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Ladywood, on the western edge of Birmingham city centre, has suffered with a reputation of crime and poverty. We spoke to Peter and Isaac who run a football project there every Friday.

The Ladywood constituency is top in the country for child poverty and there is a real lack of father figures. Some of the local churches wanted to reach young people in the area. We wanted to be intentional about getting male leaders to meet young people where they are at. Partnership was important for us as we’ve seen many people who work alone in Ladywood burn out very quickly.

In June 2015 we used Youth for Christ’s football cages for five days, which gave us the opportunity to meet loads of families and young people. This was really fruitful and we shared testimonies and prayers before setting up a weekly sports ministry.

A lot of the young people don’t cross the busiest roads or canals around Ladywood, so we put the sports pitch right in the middle of where they are. Ladywood is a hugely diverse area in terms of cultures, races and religions, so sport is the universal bond and language that brings them all together. Numerous ministries have popped up and then disappeared, which leaves mistrust within the community, so we’ve committed to keeping this going. We have control over the atmosphere, which is really important. We can promote a Christian atmosphere and ethos: sportsmanship, respect, listening to each other, working for each other.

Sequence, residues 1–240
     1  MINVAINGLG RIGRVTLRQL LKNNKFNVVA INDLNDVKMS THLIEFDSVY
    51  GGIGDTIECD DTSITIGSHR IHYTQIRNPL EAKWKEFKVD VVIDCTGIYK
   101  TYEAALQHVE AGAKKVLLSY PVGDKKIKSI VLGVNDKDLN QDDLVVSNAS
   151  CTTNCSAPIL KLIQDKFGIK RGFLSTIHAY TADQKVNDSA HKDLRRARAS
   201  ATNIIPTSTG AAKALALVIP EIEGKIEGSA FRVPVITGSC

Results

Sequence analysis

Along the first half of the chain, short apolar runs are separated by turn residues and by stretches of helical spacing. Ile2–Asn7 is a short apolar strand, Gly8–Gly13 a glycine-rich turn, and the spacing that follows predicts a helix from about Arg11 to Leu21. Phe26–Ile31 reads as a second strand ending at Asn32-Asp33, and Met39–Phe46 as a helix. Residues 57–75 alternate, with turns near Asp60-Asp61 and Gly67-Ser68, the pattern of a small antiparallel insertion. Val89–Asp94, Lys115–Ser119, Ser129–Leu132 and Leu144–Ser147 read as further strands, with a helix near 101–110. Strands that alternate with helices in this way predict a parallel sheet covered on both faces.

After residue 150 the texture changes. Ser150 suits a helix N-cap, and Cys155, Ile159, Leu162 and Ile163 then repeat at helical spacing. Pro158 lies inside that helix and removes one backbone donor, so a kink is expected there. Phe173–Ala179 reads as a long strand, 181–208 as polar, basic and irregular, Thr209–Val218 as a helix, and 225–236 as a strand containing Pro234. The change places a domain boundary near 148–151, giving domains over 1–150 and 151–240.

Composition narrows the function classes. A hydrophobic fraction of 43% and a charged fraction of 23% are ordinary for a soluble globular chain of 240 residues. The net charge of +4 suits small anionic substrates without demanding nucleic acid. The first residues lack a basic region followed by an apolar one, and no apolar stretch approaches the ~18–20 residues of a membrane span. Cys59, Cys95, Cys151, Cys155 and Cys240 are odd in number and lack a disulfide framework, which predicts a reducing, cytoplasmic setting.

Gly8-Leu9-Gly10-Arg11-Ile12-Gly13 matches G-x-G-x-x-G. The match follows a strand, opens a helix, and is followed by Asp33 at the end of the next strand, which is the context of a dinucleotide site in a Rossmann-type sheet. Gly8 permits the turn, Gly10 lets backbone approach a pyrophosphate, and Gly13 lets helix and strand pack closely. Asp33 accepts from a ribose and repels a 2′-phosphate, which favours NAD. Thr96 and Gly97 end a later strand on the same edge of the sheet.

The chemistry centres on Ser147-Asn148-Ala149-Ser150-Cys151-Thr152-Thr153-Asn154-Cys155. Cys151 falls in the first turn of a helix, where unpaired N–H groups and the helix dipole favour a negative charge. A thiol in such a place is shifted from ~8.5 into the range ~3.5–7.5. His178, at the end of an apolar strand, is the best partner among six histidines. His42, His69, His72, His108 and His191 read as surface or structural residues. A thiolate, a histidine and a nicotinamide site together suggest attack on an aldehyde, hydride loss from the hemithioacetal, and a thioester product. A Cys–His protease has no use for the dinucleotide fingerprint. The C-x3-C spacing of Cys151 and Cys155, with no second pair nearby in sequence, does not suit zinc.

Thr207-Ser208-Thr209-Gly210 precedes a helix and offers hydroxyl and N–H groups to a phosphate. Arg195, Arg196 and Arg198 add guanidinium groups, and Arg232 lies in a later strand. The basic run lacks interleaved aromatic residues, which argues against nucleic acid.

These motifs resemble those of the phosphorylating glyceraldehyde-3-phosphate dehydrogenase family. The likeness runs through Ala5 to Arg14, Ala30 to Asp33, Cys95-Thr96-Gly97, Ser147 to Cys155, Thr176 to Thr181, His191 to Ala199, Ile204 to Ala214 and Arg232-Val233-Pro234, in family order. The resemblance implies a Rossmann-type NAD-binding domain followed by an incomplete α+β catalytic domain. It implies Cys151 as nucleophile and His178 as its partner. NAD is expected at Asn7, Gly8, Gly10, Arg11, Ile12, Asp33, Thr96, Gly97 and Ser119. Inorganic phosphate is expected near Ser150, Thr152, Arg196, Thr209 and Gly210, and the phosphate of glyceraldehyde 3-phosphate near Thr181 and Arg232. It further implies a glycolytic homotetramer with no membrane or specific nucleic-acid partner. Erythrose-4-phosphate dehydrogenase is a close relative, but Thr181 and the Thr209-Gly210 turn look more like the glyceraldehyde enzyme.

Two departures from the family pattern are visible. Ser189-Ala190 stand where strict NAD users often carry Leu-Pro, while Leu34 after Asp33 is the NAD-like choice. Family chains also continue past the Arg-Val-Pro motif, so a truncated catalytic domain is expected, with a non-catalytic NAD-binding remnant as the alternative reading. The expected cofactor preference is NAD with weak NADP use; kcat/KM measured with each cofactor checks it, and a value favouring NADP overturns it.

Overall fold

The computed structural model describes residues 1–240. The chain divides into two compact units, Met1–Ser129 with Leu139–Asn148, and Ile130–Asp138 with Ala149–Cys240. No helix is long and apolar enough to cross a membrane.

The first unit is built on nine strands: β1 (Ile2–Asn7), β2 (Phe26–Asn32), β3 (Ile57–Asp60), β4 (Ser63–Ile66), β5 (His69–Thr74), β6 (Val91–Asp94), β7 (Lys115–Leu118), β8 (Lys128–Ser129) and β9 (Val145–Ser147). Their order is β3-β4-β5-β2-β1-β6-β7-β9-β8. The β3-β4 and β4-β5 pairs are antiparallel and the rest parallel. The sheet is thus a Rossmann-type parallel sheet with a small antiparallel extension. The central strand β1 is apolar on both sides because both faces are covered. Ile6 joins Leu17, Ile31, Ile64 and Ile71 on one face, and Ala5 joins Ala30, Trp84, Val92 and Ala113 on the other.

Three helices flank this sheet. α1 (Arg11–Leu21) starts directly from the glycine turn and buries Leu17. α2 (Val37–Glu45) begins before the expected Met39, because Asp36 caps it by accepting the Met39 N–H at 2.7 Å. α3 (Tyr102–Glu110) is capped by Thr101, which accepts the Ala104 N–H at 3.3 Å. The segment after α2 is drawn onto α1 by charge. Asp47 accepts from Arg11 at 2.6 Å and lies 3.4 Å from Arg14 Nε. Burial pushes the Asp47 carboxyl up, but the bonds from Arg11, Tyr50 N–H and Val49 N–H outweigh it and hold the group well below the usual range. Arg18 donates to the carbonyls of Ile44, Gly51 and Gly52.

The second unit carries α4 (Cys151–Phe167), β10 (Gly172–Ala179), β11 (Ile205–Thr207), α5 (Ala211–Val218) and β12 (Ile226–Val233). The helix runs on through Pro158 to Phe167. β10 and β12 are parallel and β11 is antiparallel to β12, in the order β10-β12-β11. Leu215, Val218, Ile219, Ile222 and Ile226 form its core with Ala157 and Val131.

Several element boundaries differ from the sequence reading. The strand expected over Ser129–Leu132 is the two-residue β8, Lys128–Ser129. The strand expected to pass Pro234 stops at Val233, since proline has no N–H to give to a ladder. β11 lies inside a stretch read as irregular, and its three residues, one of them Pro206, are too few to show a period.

We’ve seen many people who work alone here burn out very quickly 

We generally meet at 3:30pm to set up, litter pick and do a general risk assessment of the area. If the kids arrive early they help set up, which makes them feel more a part of it. We then run warmups, skills and play matches, dividing the teams into primary and secondary school. Halfway through we have a five-minute reflection around a theme such as discipleship, forgiveness, friendship or talents. Then we have a short time of prayer. Once they’ve seen us engage in sport and having fun they remember what we’re talking about. I believe God does the rest.

In the past we’ve helped young people with anger management and disputes, and we offer to pray for them around things like tests, sports trials and family situations. They share all sorts of things with us and we can offer pastoral support. It’s very informal but we believe that listening and reacting in the moment is one of the most fruitful things in terms of ministry.

Numerous ministries have popped up and then disappeared, which leaves mistrust within the community

Success for this project looks like community. God the Father, God the Son and God the Holy Spirit are in relationship with one another, and as the Church, we’re meant to show the community what God is like. For these young people, this project is their community; it’s a safe space for them. We have the opportunity to share faith and demonstrate God’s love.

People often ask: “How do we get bums on seats in churches?” but church is simply a gathering of people. Jesus went out, talking in parables in the fields or wherever. For these kids, this may be the only time they hear anything about faith. It’s about being open to the Holy Spirit and asking God how he is leading these young people. Do we then invite them to something else or is this their church? How do we keep them growing?

Birmingham is massive and even in our small community there is more work to be done. We’d love to engage whole families. This can be a long process but everybody knows somebody who became a Christian through sport ministry. There is a great history of sport and church. William Scattergood, who was part of the Methodist Church in the late 1800s, was a Christian and he co-founded Aston Villa Football Club. And William McGregor, who was a committed Christian, formed the football league (now the Premier League). He also came from Aston. 

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